Investment in sustainable real estate has become a fiduciary responsibility - indeed, investors can make a major contribution to reducing emissions. But changes need to be made to move us forward, say Hoong Wey Woon and Darren Sriharan
Sustainability in real estate has become a topic of great importance over the past few years, and continues to be a widely debated subject. The United Nations Environment Programme Finance Initiative, Sustainable Construction and Buildings Initiative (UNEP SBCI, 2006) has suggested that the ‘built environment', through its construction and use, accounts for 40% of both global energy use and carbon dioxide emissions, 30% of raw materials usage and 20% of water usage.
Meanwhile, the Intergovernmental Panel on Climate Change (IPCC, 2007) has identified buildings as having the greatest potential for carbon mitigation at lowest cost, at any given cost per ton of carbon dioxide and every level of economic and national development.
As a result, concern over climate change is encouraging ever more demanding legislation and regulation for landlords and occupiers of buildings. In addition, rising energy prices are increasing occupation costs and the physical impacts of climate change pose substantial longer-term risks to future property values. This has led to the introduction of new schemes focused on sustainability such as the Building Research Establishment Environmental Assessment Method (BREEAM), which rates and grades new developments.
More recently, IPD has launched the IPD Sustainable Property Index (ISPI) which identifies ‘sustainable buildings' and assesses the performance of ‘greener' properties. The UK has introduced Energy Performance Certificates (EPCs) that are mandatory for any real estate asset. In addition, larger public buildings must openly disclose to the public Display Energy Certificates (DECs), which will indicate the energy efficiency of public buildings whilst in operation. The compulsory EPCs and DECs have helped to push investors to place added emphasis on the energy efficiency of their real estate assets.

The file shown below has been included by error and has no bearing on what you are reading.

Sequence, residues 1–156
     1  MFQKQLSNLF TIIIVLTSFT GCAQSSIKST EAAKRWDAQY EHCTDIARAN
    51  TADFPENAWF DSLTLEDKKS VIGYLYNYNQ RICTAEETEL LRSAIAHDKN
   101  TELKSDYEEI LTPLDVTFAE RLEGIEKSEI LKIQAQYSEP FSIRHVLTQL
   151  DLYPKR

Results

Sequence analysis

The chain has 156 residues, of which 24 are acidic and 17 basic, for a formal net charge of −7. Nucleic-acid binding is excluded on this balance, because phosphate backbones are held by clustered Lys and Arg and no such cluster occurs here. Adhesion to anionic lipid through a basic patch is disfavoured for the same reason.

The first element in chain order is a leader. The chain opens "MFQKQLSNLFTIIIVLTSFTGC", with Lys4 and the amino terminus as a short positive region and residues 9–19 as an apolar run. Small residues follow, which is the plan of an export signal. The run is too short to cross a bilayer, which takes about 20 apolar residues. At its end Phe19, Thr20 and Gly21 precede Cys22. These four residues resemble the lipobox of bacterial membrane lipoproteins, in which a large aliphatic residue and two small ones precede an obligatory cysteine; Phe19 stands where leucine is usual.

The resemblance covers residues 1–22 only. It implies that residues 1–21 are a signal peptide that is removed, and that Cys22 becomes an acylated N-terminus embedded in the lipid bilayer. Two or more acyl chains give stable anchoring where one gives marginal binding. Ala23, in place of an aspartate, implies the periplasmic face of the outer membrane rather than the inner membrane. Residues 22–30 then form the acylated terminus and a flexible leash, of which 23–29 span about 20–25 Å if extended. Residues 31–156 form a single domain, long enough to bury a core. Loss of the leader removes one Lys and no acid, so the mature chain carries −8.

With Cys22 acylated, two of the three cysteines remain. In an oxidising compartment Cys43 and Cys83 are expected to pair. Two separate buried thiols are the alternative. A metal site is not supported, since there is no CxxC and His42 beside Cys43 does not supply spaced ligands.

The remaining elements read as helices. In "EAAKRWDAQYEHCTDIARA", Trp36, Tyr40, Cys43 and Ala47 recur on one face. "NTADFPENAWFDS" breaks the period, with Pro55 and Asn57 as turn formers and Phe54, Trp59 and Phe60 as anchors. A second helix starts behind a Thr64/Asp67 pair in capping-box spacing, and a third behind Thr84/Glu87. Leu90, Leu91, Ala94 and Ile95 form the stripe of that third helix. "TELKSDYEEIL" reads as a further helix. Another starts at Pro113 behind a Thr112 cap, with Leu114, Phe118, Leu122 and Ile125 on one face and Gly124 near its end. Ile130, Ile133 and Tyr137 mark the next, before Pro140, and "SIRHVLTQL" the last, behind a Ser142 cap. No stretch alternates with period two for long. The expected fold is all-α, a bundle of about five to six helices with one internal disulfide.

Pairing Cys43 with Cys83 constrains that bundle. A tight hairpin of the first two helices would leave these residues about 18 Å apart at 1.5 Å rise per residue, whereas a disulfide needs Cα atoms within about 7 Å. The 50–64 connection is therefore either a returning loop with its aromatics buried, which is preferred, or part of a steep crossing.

Delivering sustainable returns
There is a growing belief that over time more environmentally conscious buildings will experience higher net income growth and be viewed as lower risk and thereby deliver higher returns. Sustainable Investment (SI) can be defined as investment decisions and ownership practices that incorporate environmental and social issues. An increasing amount of evidence and research is showing that SI in real estate can help:
• Create brand value and reputation benefits;
• Enhance capital growth and rental income;
• Lower operating costs;
• Improve tenant retention;
• Reduce depreciation costs compared with non-sustainable buildings.
SI has shown superior returns in the equity market; the average SI equity fund outperformed the MSCI World Index by 36% over the past five years. The SI real estate market is much more limited but demand for SI real estate products is increasing and this will continue over the long run as investors seek to hold a ‘future-proofed' real estate portfolio. The need for SI in real estate is strengthened by the political and social determination to tackle climate change as well as the potential energy crisis.
If environmental issues are set to affect the current and future value and performance of property assets, then the environmental performance of property assets must be seen as a fiduciary as well as a social responsibility for pension funds. It is the fiduciary responsibility of trustees and investors to understand the implications of these issues and to seek economic ways to improve the sustainable assets. Diverting capital towards investment in sustainable real estate can be seen as protecting the long-term financial future of fund members and investors.
Proactive in fiduciary duty